The Internet has become a primary source of information for people living with disabilities and chronic diseases. According to a Pew Internet American Life study, 73% of the 34 million American adults living with chronic disease have searched the Web for info to learn more about their disease or condition. These people are referred to as e-patients in the study.
A vast majority (75%) of these “e-patients” say the information they find on the Internet affected their decision about how to treat their condition and 69% said it led them to ask new questions of their doctor or to seek a second opinion from another physician.
Another interesting finding among e-patients with chronic conditions is that they are less likely than the population in general to start their online health inquiry with a search engine. Search engines are still a popular starting point with these e-patients (57%) but 37% go directly a health-related site. This indicates that search engines are still good starting points for info but people with chronic diseases are bookmarking sites they find valuable and starting their sessions at these sites more often than ever. More than half of these e-patients were eager to share their new health and medical knowledge with others suggesting these online Web sessions have additional value.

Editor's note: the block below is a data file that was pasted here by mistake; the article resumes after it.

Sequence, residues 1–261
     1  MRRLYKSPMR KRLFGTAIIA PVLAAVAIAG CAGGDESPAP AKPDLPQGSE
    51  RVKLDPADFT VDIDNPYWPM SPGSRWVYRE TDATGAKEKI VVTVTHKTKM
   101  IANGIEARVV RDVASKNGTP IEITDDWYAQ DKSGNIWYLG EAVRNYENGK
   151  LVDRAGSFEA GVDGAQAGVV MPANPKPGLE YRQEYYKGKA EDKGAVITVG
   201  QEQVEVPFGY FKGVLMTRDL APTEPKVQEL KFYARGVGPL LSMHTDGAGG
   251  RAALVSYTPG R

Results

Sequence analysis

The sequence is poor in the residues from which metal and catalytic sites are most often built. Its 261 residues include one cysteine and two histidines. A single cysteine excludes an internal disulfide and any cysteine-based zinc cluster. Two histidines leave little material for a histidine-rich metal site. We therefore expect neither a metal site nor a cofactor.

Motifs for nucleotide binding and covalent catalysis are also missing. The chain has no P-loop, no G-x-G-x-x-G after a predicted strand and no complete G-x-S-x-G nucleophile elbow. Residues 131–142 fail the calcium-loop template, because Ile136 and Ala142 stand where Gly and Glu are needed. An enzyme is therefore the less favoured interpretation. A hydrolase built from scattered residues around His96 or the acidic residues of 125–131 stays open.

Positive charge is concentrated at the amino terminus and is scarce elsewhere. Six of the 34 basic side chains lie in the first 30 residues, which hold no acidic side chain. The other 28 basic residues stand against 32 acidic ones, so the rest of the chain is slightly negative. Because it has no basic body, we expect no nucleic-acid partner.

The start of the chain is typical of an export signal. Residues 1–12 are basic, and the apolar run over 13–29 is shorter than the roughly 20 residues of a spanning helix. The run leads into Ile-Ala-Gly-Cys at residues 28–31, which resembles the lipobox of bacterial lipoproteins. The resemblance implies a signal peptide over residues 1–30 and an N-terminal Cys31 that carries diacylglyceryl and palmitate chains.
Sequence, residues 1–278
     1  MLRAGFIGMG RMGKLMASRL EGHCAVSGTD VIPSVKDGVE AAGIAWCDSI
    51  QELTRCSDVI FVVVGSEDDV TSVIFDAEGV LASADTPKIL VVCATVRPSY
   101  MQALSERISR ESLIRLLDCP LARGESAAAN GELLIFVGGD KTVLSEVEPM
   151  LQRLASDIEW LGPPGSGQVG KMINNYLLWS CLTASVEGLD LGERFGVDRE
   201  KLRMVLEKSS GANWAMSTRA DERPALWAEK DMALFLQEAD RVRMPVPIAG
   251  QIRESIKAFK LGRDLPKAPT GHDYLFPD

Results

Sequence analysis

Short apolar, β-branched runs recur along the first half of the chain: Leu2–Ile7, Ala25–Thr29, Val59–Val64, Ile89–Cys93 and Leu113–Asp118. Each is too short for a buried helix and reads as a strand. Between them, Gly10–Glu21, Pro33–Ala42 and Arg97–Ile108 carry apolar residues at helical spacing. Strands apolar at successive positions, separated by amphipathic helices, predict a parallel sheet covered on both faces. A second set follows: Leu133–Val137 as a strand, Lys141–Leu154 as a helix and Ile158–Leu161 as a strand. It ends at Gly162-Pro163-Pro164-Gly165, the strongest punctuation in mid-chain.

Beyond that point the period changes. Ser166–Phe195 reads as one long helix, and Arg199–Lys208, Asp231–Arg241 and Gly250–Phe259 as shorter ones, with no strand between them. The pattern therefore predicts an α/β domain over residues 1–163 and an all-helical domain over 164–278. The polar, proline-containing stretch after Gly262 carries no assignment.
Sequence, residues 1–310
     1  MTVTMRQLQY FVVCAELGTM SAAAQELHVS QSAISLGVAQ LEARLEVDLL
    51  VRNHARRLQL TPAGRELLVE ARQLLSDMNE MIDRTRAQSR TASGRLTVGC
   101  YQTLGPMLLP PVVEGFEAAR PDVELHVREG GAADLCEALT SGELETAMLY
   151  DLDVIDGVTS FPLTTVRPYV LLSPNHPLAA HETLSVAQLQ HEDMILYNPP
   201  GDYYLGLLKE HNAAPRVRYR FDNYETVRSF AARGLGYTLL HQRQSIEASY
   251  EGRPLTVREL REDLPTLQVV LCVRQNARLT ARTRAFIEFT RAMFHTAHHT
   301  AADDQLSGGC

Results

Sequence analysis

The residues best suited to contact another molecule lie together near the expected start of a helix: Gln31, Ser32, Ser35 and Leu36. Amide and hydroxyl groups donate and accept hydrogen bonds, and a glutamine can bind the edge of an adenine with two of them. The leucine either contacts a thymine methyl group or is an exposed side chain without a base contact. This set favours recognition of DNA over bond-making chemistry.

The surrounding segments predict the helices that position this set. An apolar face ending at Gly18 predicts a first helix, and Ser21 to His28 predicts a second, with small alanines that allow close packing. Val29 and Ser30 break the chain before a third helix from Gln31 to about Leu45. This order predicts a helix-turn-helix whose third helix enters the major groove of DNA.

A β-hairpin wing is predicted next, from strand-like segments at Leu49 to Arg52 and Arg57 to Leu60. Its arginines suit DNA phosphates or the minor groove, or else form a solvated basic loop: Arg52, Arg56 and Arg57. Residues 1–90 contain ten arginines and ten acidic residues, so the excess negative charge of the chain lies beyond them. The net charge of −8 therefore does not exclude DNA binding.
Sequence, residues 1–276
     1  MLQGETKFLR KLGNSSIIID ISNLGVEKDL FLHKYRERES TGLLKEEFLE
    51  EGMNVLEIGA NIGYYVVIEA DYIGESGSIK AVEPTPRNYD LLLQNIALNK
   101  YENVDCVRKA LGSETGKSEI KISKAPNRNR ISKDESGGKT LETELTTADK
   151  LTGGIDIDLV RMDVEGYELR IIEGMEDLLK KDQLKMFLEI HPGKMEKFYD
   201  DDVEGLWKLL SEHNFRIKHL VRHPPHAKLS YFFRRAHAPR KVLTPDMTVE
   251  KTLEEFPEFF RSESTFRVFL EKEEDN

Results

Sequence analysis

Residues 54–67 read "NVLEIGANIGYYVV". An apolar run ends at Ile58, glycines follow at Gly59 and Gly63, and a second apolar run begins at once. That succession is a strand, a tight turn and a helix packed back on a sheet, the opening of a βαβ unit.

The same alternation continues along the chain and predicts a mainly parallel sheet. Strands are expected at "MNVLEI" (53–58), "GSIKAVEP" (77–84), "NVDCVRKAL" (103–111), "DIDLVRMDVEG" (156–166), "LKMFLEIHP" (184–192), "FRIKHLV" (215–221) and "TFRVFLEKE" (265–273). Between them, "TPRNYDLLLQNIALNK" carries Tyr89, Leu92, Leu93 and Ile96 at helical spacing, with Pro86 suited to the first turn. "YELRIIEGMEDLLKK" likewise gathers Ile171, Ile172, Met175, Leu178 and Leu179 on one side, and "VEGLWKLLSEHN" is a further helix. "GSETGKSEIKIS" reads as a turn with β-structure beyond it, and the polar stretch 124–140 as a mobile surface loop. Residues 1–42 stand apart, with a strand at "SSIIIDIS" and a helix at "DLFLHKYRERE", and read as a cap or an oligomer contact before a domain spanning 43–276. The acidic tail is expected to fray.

There's no shortage of health sites. In addition to popular health portals like WebMD, Revolution Health, Discovery Health and Everyday Health, there are new offerings like eMedTV.com, Healtheva.com and Healthcare.com, with unique offerings for people with chronic diseases. Healthcare marketers looking for more reach would be wise to consider this audience fragmentation when they execute their online advertising buys.
Dan McKillen is president of the HealthDay news service